Joined: Mon Nov 02, 2009 3:45 pm

Re: UA328 engine explosion at DEN

Tue Feb 23, 2021 8:07 pm

mm320cap wrote:
...So you always want to turn into the exploded engine, eh “Captain”? What if the drag is sufficient to induce a rolling moment that you exasperated by banking into it and can no longer recover from? I would have gone left too to ensure that I wasn’t going to get into a roll rate that I couldn’t get out of.

You’re just plain ignorant with regard to the halon fire bottle system. Clearly, it was ripped off the airplane with the cowl. You “have them at all” because the vast vast majority of engine fires don’t have an exploded cowl. Talk to Pratt if you have an issue, not the pilots.

Your trolling is ridiculous. This crew did an excellent job in exceptionally difficult circumstances. There’s always one hero on these boards. *eyeroll*. It’s like a guy that chooses Tom Brady in his fantasy league and therefore thinks he knows how to throw a football or marry a supermodel.


Well said MM320Cap. Thank you.

If this person is actually an airline pilot, I’d like to know where, so I can avoid that carrier.
 
IADCA
Posts: 2558
Joined: Mon Feb 26, 2007 12:24 am

Re: UA328 engine explosion at DEN

Tue Feb 23, 2021 8:36 pm

CaptainHaresh wrote:
StTim wrote:
I am of two minds with the communication. Yes it was a little stressed, which showed, but it was a high workload situation and with high terrain ahead they did need a turn quite quickly so the communication was necessary. But whilst it was a little unclear it did not affect the outcome.

I am constantly amazed at the professionalism of the people that work under this pressure. The air traffic controller her. The air traffic controller and Sully on the miracle on the Hudson, The air traffic controllers and the BA pilot of the 777 that crashed just short of runway 27L at Heathrow.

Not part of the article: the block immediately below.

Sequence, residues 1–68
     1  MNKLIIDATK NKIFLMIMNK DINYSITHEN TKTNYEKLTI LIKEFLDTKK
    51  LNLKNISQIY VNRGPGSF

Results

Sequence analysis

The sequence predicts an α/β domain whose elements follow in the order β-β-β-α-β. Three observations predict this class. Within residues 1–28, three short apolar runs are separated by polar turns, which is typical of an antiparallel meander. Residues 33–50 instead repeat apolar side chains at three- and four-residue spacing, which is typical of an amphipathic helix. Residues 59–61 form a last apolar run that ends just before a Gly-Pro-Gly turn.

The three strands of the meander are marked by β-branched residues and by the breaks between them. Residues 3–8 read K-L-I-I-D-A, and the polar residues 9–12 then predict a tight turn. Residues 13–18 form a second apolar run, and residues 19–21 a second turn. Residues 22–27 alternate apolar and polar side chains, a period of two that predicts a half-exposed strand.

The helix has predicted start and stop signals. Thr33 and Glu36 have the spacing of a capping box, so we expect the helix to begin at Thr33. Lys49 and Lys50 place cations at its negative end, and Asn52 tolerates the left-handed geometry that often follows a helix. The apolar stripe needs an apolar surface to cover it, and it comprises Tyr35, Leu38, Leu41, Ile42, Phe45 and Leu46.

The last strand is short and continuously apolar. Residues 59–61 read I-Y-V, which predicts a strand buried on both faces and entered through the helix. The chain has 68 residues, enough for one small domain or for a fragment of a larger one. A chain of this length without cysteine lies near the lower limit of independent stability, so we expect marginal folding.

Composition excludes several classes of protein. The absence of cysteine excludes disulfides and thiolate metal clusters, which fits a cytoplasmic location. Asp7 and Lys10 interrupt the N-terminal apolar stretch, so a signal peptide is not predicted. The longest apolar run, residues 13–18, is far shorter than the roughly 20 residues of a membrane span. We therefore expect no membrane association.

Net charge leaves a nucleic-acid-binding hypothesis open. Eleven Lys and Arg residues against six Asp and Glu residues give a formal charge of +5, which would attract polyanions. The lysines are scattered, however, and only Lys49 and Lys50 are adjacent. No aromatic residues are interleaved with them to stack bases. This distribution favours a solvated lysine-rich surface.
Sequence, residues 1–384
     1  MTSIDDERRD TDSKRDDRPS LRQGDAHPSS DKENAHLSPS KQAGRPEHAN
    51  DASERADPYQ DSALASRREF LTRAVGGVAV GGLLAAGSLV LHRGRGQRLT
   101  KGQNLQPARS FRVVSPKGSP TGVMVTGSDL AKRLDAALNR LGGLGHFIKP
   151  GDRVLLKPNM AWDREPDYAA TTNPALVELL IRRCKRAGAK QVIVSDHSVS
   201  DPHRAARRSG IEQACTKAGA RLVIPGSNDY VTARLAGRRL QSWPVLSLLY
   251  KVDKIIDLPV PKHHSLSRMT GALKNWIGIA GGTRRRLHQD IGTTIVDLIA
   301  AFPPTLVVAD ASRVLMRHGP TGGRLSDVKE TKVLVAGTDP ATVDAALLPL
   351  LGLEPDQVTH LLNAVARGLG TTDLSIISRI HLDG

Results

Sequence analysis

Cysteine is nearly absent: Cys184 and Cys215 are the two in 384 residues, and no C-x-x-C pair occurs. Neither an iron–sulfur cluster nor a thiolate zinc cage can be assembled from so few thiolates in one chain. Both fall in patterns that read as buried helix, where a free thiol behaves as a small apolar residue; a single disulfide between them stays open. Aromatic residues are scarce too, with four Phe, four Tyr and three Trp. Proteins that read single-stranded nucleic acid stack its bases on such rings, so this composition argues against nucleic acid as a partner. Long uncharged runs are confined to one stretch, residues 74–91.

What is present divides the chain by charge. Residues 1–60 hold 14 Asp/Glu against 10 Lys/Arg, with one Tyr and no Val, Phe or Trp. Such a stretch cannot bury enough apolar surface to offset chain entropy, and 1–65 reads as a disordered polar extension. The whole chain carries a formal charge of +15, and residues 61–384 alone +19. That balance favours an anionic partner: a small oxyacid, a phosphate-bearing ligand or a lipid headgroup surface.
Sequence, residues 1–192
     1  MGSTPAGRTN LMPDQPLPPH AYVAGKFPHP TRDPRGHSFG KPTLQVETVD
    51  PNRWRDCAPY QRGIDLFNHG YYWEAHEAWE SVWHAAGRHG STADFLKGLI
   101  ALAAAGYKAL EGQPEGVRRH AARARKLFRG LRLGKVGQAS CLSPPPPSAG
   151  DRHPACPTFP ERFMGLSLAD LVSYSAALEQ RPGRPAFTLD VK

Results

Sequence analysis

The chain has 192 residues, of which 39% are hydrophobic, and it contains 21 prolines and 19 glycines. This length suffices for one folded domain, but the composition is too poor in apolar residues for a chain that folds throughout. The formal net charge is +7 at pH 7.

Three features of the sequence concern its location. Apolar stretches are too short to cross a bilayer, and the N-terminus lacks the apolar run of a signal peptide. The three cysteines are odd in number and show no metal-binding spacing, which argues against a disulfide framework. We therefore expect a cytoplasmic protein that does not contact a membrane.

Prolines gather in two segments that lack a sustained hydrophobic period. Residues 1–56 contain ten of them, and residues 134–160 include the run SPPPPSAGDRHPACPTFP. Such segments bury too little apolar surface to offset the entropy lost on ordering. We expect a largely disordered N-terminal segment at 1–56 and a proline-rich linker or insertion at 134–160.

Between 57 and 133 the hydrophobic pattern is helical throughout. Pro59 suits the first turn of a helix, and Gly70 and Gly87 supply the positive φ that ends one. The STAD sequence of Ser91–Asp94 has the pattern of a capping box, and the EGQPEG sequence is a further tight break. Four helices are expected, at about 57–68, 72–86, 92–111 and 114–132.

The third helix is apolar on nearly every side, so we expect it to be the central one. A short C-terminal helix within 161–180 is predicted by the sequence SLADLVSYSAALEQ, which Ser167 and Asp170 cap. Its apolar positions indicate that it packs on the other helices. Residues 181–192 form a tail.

Talking about the communications in this incident, I also thought back to US1549 and just listened to the recordings.
That is professionalism at its finest, efficient, concise.
Sully truly is a good pilot.

The UA328 pilot on the radio said his callsign wrong 2 times before the engine failed...and when it failed he was all over the radio instead of on his checklist.
I expect pilots paid 300K a year to show a little more focus than that, I'm certainly not going to applaud for not screwing up a very manageable situation.


Just to be clear, you're criticizing these guys for communicating with ATC while managing a serious emergency in busy airspace (including an uncontained engine failure on a heavy pointing directly into ~13000 foot mountains, necessitating an immediate turn while raining metal on a populated area) and you're...applauding Sullenberger's crew for doing pretty much the same thing, just because they speak a bit more clearly?
 
catiii
Posts: 3976
Joined: Mon Mar 31, 2008 1:18 am

Re: UA328 engine explosion at DEN

Tue Feb 23, 2021 8:43 pm

CaptainHaresh wrote:
StTim wrote:
I am of two minds with the communication. Yes it was a little stressed, which showed, but it was a high workload situation and with high terrain ahead they did need a turn quite quickly so the communication was necessary. But whilst it was a little unclear it did not affect the outcome.

I am constantly amazed at the professionalism of the people that work under this pressure. The air traffic controller her. The air traffic controller and Sully on the miracle on the Hudson, The air traffic controllers and the BA pilot of the 777 that crashed just short of runway 27L at Heathrow.


Talking about the communications in this incident, I also thought back to US1549 and just listened to the recordings.
That is professionalism at its finest, efficient, concise.
Sully truly is a good pilot.

The UA328 pilot on the radio said his callsign wrong 2 times before the engine failed...and when it failed he was all over the radio instead of on his checklist.
I expect pilots paid 300K a year to show a little more focus than that, I'm certainly not going to applaud for not screwing up a very manageable situation.


Direct question: what was the "very manageable" situation? Also which is it? They screwed up? Or they managed it?
 
User avatar